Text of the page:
AdWords Weekly Optimization Checklist
Looking through your AdWords Account and Campaigns regularly is the foundation for success in AdWords. The ability for your campaign to garner the best possible audience is dependent on your ability to spot trends, waste, and potential in your account. Good news: weekly Adwords optimization can be a simple task if you follow this guide.
This guide is going to focus on keywords since keywords are the foundation for an Adwords account. But we’re not going to look at all the keywords at once because it is important to make sure that your Campaigns and Ad Groups are structured correctly.
You’re going to look through your keywords by Ad Group. Once you are in the Ad Group, you are first going to make sure that your Ads are relevant to the Ad Group, and the Ad Group is relevant to the Campaign. After you’ve made sure of that, it’s time to get the optimization process started and look at your keywords.
Many advertisers don’t know they can customize the data that is displayed in their interface. If you click on “columns” then “customize columns”, you’ll see an interface where you can add or remove columns to your view.
A couple of columns that you should ALWAYS add are Quality Score (under Attributes) and Search Impression Share (under competitive metrics). You can change the columns based on the different reports (ad groups, keywords, etc). Spend some time looking at data from all available columns so you can come up with your own combination of powerful data.
At the Ad Group level, you’re going to sort your keywords by Avg. Pos (High to Low):
If you have keywords that have an Avg. Pos of 4.0 or higher, then it is time to make some changes. First, you’re going to check the keyword’s quality score. If it’s lower than 6, you’re going to want focus on improving the quality score before increasing the bid.
If the quality score is low, then you want to make sure that the keyword is relevant to the Ad Group and Ad. If that’s not the issue, it could be that your keyword is not relevant to the landing page the Ads lead to. Make sure that the keyword appears on your landing page multiple times. If the landing page is good, then focus on creating one or two new variations for your ad, including those keywords in the headline and description.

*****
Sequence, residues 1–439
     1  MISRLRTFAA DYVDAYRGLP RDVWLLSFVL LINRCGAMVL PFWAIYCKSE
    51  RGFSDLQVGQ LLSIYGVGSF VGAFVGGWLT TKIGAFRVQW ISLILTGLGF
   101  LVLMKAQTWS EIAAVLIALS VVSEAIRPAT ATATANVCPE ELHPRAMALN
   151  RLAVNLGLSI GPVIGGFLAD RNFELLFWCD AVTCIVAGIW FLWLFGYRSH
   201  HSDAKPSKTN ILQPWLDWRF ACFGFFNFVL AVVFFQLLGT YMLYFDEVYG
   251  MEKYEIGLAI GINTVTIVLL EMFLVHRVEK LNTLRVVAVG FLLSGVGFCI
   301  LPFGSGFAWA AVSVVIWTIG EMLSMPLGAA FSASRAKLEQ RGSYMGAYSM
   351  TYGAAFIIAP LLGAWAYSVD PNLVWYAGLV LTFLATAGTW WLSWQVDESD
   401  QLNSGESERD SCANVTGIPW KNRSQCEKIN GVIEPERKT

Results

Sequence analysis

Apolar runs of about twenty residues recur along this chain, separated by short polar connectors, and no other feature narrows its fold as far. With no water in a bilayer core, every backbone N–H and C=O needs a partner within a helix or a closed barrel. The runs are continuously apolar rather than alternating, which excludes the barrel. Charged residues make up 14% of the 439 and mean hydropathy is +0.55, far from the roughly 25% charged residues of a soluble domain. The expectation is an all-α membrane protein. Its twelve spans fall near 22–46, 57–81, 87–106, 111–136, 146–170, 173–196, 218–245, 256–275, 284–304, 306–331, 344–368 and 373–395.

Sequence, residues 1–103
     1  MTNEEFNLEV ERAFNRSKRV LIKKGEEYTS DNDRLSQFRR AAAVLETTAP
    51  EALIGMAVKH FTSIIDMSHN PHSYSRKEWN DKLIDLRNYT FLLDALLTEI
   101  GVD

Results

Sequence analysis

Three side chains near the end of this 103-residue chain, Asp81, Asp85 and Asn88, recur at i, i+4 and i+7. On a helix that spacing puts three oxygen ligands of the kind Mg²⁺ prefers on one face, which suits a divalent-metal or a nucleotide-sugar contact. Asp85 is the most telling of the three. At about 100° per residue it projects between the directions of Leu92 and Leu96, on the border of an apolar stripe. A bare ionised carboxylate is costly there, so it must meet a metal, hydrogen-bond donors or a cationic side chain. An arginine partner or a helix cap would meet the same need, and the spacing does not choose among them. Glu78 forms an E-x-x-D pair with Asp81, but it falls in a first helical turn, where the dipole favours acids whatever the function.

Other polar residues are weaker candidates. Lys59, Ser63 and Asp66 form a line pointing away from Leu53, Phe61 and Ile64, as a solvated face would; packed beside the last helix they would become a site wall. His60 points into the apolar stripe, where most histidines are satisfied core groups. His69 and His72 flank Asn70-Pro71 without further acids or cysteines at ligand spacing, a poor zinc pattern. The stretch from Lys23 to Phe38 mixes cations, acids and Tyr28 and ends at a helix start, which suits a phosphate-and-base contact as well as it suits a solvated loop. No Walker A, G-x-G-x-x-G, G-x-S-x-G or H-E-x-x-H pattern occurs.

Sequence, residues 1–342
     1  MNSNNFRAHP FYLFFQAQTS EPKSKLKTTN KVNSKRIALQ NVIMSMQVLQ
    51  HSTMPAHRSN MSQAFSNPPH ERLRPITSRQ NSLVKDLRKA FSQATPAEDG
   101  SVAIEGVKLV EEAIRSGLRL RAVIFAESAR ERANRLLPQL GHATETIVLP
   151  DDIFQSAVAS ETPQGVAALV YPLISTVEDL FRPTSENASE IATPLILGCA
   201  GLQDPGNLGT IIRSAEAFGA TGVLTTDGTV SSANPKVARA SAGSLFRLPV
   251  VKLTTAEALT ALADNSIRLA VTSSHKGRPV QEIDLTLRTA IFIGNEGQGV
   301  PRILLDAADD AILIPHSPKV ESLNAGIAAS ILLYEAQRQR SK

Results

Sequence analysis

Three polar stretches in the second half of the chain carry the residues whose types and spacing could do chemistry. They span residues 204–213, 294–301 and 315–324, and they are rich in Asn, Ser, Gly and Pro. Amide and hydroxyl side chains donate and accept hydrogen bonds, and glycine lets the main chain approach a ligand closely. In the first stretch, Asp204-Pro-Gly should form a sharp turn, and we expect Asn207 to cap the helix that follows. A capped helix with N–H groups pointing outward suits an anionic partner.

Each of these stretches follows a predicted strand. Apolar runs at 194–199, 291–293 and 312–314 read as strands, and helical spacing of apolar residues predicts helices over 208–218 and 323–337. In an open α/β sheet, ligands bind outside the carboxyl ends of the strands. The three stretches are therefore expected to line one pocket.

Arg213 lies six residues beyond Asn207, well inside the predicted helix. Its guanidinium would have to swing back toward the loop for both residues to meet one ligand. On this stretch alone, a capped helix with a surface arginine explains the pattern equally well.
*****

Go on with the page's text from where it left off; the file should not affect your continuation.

The more keywords that your Ad Groups have, the more likely it’s going to be that keywords aren’t going to be relevant. If this is the case, consider breaking out keywords into smaller ad groups.
If the quality score is good and the position is low, there’s nothing else you can do except increase the bid. Stay away from round numbers when increasing your bid, so no $20.00, $17.00, $15.50. By bidding with numbers like $25.67 or $21.24, which are cents above the round numbers, gives you an edge against those who are bidding with round numbers.
Next you’re going to sort by CTR (low to high):
If your keywords have a low CTR with high impressions. Then you should modify your ads and look for improvements. Search for the keyword and look at the ad that comes up and see if it blends in with the competition, if so, look for ways that you can stand out.
If your keywords have low CTR and low impressions and have a good quality score and Avg Pos, then the problem is most likely that there’s simply not enough volume for that keyword. If the keyword match type is exact or phrase, consider changing to broad match modified to increase the chance for it showing.
Next you’re going to sort by Clicks (low to high):